What is HELP FIDO?

Humane Education Leads to Progress
For Informed Dog Owners

Vision Statement: We envision a society free from discrimination, where responsibility, education, love and compassion allow humans to fully respect and understand man's best friend.

Tuesday, December 23, 2008

"Not fit for a dog" - Columbus Dispatch

This past Sunday, the Columbus Dispatch had an article entitled "Not fit for a dog" that was very critical of the management of the Franklin County Dog Shelter. While we here at HELP FIDO cannot speak to all of the issues raised in this article and are currently gathering more information through local networks, we feel it is important to highlight some of the issues. The following letter was submitted to the Dispatch editors. We are hopeful it will be published in the coming days.

As the chair of HELP FIDO, a voice for dogs in Central Ohio, I felt compelled to write in and address some points brought up in the recent Columbus Dispatch article “Not fit for a dog” about the Franklin County Dog Shelter.

Judging every dog as an individual (as the Shelter Director, Ms. Wahoff mentions) is an excellent goal. However, this should be guided with temperament testing, supported with behaviorists, education classes and socialization – not simply based upon what a dog looks like. The temperament testing at FCDS was discontinued due to lack of funding. Perhaps the money from the dog licensing fees which is currently being funneled to OSU for animal research, would be better spent on funding the temperament testing program.

FCDS is accused of knowingly adopting out "pit bulls" and "pit mixes" as "mixed breeds." This statement is inherently redundant as breed identification is purely subjective, and, short of the still developing field of DNA breed testing, is a guessing game, not a science. Determination of breed based solely on certain characteristics is inherently flawed, and leads to frequent misidentification in options for adoption, insurability, impoundment statistics, licensing statistics and bite statistics. The American Veterinary Medical Association, the National Dog Warden Association (U.K.) and the American Society for the Prevention of Cruelty to Animals all have made statements that reject that physical characteristics or appearance as an effective way to determine an individual animal's temperament or breed. Furthermore, all of these organizations have rejected against the discriminatory nature of legislation that targets specific breeds or what a particular dog looks like.

While there is always room for improvement, the programs and policies that have been put in place by Ms. Wahoff have been highly beneficial to the dogs and residents of Franklin County. In 2007, FCDS provided care and shelter for over 13,000 animals. More than 2900 dogs were returned to their owners. 4,018 dogs were adopted or released to rescue. 3,930 spay/neuter surgeries were performed, with thousands more vaccinated for rabies and other transmissible diseases. Thousands of school children and adults have received education, teaching them how to be safe around dogs. Unlike other counties in Ohio, dogs are humanely euthanized at FCDS rather than being taken out back and shot or gassed to death. I challenge the FCDS detractors to compare the statistics of FCDS to other county funded shelters throughout the state.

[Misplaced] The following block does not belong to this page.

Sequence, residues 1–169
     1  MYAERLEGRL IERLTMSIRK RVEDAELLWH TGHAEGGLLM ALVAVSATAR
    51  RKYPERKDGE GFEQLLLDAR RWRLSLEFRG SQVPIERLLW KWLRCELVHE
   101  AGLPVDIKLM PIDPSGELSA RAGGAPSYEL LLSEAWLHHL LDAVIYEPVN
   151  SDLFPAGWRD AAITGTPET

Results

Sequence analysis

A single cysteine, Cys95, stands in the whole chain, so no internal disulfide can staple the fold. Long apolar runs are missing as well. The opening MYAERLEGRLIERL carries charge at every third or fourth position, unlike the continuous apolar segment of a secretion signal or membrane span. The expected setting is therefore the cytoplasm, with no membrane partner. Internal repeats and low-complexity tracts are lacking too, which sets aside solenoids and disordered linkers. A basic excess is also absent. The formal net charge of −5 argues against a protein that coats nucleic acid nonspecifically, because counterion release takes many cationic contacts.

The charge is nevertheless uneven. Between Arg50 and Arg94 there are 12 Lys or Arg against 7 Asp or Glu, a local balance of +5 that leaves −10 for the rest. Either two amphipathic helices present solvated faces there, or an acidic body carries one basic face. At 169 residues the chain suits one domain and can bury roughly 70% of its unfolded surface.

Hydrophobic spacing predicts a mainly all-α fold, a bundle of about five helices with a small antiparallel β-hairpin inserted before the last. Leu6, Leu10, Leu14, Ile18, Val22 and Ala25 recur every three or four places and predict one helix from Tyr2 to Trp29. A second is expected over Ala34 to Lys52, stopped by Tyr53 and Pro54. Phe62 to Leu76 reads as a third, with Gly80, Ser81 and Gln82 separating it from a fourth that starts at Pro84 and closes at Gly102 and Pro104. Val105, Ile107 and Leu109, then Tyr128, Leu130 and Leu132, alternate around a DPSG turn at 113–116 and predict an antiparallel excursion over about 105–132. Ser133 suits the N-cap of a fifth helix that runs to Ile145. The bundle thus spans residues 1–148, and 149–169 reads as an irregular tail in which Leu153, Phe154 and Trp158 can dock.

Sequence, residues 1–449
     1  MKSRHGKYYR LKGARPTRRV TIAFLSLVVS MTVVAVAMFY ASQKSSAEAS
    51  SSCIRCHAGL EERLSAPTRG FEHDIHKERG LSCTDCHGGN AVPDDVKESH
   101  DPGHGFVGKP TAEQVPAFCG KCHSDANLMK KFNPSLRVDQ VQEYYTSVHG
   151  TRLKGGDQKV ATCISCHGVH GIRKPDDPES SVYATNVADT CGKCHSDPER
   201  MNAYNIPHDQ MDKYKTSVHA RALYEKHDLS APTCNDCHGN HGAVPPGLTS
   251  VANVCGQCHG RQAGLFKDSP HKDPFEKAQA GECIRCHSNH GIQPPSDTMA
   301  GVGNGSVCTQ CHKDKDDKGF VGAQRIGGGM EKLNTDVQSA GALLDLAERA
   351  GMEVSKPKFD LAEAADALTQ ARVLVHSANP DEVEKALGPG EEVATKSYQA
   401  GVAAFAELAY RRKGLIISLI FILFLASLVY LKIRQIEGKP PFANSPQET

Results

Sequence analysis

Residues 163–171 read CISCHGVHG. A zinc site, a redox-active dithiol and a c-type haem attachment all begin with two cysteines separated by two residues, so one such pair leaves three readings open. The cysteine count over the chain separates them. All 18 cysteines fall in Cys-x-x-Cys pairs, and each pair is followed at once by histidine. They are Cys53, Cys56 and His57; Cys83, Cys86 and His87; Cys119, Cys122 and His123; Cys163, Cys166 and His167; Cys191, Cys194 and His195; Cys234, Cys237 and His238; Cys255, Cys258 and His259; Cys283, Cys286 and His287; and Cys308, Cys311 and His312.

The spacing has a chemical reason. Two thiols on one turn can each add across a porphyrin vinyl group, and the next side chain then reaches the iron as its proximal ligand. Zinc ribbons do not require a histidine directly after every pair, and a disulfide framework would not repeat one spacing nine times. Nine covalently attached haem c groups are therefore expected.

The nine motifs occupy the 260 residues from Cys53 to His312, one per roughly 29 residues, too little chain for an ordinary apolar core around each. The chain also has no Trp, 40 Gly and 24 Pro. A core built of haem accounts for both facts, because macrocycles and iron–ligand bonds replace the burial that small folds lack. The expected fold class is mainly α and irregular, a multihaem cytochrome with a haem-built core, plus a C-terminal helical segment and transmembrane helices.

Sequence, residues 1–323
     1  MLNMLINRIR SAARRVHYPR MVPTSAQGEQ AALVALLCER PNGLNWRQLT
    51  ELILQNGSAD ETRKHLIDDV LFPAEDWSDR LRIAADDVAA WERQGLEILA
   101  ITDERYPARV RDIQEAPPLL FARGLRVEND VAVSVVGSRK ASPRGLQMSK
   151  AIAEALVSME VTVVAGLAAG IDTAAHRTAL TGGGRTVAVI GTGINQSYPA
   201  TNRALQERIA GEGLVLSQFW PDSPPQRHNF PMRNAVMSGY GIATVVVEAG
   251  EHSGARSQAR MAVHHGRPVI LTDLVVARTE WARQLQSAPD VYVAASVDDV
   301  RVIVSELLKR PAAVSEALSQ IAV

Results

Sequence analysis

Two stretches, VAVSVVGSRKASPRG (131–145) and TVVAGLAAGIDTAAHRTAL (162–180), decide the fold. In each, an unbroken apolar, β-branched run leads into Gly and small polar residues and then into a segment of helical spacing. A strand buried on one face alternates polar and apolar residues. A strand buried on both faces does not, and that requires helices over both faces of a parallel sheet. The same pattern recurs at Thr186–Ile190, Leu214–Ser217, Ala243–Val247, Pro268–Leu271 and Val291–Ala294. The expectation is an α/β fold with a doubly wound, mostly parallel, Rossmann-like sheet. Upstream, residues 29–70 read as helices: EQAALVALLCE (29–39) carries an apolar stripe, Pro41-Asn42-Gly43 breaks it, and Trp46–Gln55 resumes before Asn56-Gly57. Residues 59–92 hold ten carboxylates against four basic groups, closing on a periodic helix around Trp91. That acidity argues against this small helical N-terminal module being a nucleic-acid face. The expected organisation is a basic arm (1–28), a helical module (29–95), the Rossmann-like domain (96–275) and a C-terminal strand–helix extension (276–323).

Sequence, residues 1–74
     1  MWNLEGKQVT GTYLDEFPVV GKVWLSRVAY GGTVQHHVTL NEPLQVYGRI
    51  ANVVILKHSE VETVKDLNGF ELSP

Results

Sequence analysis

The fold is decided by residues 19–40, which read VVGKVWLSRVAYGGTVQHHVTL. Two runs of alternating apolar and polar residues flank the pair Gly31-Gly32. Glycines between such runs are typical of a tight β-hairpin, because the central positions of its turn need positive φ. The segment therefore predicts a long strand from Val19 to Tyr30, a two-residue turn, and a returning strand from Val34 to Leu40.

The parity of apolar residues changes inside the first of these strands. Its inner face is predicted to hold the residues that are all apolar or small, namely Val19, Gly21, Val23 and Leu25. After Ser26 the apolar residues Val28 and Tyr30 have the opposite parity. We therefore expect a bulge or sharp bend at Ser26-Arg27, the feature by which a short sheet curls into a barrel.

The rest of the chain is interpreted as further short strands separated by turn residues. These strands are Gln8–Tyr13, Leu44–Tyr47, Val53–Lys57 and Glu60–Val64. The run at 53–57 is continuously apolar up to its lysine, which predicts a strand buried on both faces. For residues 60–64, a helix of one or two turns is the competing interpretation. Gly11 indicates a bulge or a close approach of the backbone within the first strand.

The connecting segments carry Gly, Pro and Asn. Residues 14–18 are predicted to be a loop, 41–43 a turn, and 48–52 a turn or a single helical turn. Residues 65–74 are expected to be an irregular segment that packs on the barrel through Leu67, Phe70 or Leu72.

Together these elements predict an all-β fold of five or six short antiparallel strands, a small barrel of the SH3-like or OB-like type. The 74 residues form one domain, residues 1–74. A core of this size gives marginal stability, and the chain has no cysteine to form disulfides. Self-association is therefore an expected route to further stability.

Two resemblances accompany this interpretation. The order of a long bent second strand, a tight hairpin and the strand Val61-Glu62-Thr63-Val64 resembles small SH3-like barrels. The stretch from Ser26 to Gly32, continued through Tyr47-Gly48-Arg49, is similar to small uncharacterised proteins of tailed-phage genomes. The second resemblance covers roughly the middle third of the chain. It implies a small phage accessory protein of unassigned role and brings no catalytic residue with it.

An excellent model for FCDS and all animal shelters in the country is Calgary Animal Services in Canada. Earlier this month, we met with Bill Bruce, the director of Calgary Animal Services. Calgary has a 100% self–sustaining program, a 95% licensing compliance rate, 80% of stray dogs are returned to their owners – all done without useless breed specific laws, pet limits or mandatory spay/neuter laws. Mr. Bruce spoke at the recent Ohio Dog Wardens Conference here in Columbus. We are hopeful his ideas and successes in Calgary have inspired dog wardens in Central Ohio and throughout the State. I encourage the County Commissioners to review the Calgary model and consider implementing this type of program in Franklin County.

Brian Cluxton
A voice for dogs in Central Ohio
"The greatness of a nation and its moral progress
can be judged by the way its animals are treated." - Gandhi

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